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This article was published 13/8/2013 (1209 days ago), so information in it may no longer be current.
It was difficult for hospital staff to find a home for Brian Sinclair so he could be discharged after recovering from his double leg amputation.
Leonard Koberstein, then a Health Sciences Centre social worker who worked on Sinclair's discharge plans, testified at an inquest today that there are few housing options available for people who have the needs Sinclair had.
"There's a lack of resources for people in a similar position to Mr. Sinclair," Koberstein told provincial court Judge Tim Preston.
"It can make discharge planning very challenging at times."
Koberstein said Sinclair was rejected for housing by organizations like the Salvation Army because he needed wheelchair accessible housing and he couldn't live independently.
Koberstein said when Sinclair was discharged from hospital on May 2, 2007 -- three months after being rushed to HSC suffering severe frostbite to both legs after being found frozen to the outside wall of a church -- he was on his way to only temporary housing at the Quest Inn with enhanced home-care services organized under the care of the public trustee.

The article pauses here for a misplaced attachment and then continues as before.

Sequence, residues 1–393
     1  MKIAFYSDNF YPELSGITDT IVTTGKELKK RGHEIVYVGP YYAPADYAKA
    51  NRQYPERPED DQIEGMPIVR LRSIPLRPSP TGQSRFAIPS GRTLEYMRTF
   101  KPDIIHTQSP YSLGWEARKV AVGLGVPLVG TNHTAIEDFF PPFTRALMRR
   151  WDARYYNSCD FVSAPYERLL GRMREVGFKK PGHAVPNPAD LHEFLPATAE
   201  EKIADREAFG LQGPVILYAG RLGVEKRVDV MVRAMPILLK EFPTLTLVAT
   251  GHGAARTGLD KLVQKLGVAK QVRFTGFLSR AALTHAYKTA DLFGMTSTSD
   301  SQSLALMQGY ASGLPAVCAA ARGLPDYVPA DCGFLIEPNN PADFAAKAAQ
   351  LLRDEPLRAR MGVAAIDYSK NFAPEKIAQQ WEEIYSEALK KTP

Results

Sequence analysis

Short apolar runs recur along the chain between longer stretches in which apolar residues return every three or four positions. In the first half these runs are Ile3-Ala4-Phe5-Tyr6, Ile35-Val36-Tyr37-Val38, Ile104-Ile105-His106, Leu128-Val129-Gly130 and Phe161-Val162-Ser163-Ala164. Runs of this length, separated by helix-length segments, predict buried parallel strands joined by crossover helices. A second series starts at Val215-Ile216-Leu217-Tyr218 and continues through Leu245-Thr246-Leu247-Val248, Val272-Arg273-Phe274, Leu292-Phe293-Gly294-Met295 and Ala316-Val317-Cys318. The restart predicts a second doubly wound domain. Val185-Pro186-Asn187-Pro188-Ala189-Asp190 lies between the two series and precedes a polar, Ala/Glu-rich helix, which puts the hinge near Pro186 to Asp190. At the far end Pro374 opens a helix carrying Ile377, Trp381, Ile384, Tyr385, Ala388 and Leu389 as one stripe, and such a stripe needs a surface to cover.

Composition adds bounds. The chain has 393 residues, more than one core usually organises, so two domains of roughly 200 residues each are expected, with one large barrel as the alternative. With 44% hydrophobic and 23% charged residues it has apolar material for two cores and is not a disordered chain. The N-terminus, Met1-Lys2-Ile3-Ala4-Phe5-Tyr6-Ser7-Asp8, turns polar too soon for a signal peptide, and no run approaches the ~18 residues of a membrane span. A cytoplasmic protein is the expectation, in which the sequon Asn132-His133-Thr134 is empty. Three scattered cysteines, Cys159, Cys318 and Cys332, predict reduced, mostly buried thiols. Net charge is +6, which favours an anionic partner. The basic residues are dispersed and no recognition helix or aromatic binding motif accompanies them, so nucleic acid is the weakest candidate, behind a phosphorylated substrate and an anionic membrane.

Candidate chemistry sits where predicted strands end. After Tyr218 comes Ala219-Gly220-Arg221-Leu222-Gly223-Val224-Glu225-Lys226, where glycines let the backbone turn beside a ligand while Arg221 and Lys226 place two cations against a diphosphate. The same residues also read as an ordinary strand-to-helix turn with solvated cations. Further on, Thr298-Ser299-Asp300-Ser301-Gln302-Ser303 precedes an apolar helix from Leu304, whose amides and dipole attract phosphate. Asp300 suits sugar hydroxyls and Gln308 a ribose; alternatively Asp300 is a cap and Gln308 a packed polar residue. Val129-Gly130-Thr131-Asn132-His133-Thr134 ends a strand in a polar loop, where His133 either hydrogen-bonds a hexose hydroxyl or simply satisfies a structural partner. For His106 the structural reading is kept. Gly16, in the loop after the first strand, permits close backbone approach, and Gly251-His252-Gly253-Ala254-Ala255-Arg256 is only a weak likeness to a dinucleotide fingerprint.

Keri Ranson, of the Public Trustee's office, said Sinclair was approved by the province's employment and income assistance office to live in Quest Inn for three months after his hospital discharge at $1,300 per month.
Ranson said Sinclair was also given $258 per month for personal expenses including $12 for laundry.
She said when Sinclair died he had about $5,000 left in his trust account.
The inquest is looking into the circumstances around the death of the 45-year-old Sinclair in September 2008.
Sinclair was found dead of a bladder infection after being untended for 34 hours in the waiting room of the HSC's emergency department.